It resists UV degradation. It fights corrosion. It creates ultra-water-resistant surfaces. And now, researchers say, coatings using the wonder material graphene can harvest energy.
Researchers at Rensselaer Polytechnic Institute in New York and Rice University in Houston have developed a new way to harvest energy from flowing water using a nanoengineered graphene coating.
The new technology produces only small amounts of electricity, so it is not aimed at large-scale electricity production—at least, not yet. Still, it holds immediate promise for self-powered microsensors used in oil exploration, scientists say.
Rensselaer / Koratkar
|The graphene coating, seen as a dark blue patch connected to gold contacts, generated 85 nanowatts of power.|
Potential future applications include self-powered microrobots or microsubmarines and harvesting power from a graphene coating on the underside of a boat.
“It’s impossible to power these microsensors with conventional batteries, as the sensors are just too small. So we created a graphene coating that allows us to capture energy from the movement of water over the sensors,” the study’s lead author, Nikhil Koratkar, told the South Asian news service ANI.
“Harvesting Energy from Water Flow over Graphene,” published recently in the journal Nano Letters, is the first research paper to result from a $1 million grant by the Advanced Energy Consortium—a group that is developing intelligent subsurface micro- and nanosensors that can be injected into oil and gas reservoirs to help improve the recovery of existing and new hydrocarbon resources.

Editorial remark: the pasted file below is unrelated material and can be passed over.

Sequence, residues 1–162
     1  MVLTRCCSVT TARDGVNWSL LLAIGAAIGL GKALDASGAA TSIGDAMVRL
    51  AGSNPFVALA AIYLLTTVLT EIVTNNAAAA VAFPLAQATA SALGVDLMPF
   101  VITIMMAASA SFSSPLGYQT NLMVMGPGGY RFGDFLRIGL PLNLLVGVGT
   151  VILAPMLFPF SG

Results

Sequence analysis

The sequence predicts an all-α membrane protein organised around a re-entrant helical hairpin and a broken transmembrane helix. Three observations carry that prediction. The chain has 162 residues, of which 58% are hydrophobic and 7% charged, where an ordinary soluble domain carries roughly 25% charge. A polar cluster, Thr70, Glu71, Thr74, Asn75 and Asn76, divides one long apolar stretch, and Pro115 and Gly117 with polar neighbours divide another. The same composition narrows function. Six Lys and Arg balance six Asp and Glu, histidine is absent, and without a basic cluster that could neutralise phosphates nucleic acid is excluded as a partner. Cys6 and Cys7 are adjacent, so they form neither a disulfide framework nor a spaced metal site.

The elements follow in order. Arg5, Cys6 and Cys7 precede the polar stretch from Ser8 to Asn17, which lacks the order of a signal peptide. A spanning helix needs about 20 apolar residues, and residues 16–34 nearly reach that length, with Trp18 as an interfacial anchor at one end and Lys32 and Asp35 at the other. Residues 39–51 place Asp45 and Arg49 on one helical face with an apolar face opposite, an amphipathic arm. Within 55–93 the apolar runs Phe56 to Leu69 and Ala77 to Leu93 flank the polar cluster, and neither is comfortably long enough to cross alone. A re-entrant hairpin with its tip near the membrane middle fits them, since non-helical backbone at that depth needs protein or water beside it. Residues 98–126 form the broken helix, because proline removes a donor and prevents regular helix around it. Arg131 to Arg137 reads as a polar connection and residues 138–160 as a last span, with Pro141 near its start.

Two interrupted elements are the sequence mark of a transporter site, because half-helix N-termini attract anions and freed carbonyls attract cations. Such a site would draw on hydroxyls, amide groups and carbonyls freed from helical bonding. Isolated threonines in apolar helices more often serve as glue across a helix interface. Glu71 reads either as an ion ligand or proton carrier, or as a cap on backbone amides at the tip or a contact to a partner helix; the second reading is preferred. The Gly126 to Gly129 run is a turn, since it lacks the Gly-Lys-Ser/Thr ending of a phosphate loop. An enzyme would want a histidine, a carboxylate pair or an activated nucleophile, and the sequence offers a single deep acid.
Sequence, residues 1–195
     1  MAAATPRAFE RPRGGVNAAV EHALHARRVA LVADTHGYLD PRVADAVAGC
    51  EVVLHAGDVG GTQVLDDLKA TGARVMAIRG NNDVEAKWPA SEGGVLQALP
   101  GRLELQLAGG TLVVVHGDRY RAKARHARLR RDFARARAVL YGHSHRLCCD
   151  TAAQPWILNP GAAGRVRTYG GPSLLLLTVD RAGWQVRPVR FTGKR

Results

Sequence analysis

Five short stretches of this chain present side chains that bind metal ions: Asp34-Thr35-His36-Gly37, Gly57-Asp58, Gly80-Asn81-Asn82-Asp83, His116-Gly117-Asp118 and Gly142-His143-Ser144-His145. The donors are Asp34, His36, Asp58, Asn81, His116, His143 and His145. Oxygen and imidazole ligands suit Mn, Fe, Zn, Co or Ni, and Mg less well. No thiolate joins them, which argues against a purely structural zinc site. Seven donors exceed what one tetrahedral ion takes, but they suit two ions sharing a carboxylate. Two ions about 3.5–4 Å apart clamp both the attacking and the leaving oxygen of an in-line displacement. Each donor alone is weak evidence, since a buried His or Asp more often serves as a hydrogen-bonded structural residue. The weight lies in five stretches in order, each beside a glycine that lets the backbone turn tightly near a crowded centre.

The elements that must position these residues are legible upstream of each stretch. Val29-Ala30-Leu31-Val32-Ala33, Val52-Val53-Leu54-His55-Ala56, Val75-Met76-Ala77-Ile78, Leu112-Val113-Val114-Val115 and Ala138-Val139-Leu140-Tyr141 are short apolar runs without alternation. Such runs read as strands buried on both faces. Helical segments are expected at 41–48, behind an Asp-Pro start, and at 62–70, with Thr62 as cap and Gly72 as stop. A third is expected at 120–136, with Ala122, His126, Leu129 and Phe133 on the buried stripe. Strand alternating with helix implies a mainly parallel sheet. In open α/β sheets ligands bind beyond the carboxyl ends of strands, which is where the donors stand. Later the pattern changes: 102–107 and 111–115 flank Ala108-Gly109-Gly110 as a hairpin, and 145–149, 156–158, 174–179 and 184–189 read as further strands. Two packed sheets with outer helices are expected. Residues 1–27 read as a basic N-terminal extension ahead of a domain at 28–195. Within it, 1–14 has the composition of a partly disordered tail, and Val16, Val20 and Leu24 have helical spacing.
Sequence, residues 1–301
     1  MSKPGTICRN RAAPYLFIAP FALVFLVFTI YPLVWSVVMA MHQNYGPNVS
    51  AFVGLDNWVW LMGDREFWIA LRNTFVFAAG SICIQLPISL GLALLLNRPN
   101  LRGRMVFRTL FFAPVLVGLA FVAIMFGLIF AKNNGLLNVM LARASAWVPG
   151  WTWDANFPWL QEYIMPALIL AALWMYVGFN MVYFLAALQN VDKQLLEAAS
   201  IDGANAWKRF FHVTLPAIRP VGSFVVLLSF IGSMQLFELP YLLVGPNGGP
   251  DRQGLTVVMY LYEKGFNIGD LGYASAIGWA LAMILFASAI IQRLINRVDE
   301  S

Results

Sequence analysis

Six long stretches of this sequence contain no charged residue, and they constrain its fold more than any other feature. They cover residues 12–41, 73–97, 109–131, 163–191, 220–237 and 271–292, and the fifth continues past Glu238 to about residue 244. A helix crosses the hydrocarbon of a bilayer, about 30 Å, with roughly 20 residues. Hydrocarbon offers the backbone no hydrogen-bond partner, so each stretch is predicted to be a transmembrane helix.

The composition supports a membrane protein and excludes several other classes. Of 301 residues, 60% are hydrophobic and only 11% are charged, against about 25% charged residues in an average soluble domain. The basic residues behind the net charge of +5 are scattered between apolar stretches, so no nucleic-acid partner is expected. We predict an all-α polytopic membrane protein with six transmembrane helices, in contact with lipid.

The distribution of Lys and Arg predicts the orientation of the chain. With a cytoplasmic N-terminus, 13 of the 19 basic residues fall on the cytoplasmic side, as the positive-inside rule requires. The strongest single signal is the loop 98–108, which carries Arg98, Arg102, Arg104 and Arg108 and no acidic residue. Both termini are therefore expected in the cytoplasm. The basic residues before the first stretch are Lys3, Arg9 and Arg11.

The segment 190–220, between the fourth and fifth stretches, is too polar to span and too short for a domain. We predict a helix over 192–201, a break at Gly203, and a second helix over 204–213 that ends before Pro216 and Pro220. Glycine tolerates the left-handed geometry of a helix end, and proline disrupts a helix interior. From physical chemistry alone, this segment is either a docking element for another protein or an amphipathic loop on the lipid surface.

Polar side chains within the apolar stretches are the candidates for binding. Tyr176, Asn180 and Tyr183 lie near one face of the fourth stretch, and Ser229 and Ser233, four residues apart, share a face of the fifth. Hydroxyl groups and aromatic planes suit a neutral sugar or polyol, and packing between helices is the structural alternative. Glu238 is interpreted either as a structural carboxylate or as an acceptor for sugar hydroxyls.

The article describes how the microsensors can potentially be self-powered by covering them with a graphene coating. The sensors can harvest energy as water flows over the coating, the team says.
“We’ll wrap the graphene coating around the sensor, and it will act as a ‘smart skin’ that serves as a nanofluidic power generator,” Koratkar said.
Using a sheet of graphene measuring 0.03 by 0.05 mm, the team was able to generate 85 nanowatts of power. Although this is only a very small amount, Koratkar, says it should be enough to power tiny sensors that could be introduced into water or other fluids and pumped down into a potential oil well.
As the injected water trickles through cracks and crevices in the earth, the devices would be used to detect the presence of hydrocarbons to help uncover hidden pockets of oil and natural gas.
Koratkar’s team also tested the energy harvested from water flowing over a film of carbon nanotubes. However, the energy generation and performance was far inferior to those attained using graphene, he said.
Hydroelectricity is the most widely used form of renewable energy, supplying around 20 percent of the world’s electricity in 2006, which accounted for about 88 percent of electricity from renewable sources.
Spotlight on Graphene Research
The thinnest, strongest material ever made, graphene has been on the front burner of global materials science development since the flake of carbon inspired Nobel Prize-winning research in 2010.
Stronger and stiffer than diamond, yet stretchable like rubber, graphene has been found to conduct heat and conduct electricity as well as copper. It is almost transparent, yet so dense that not even helium can pass through it, experts say. Graphene also allows electrons to flow much faster than silicon, and many experts believe it will soon replace silicon technologies.
Several graphene-related coatings breakthroughs have been announced in recent months, and the European Commission has announced a 10-year, 1 billion euro ($1.45 billion US) research initiative focusing on graphene.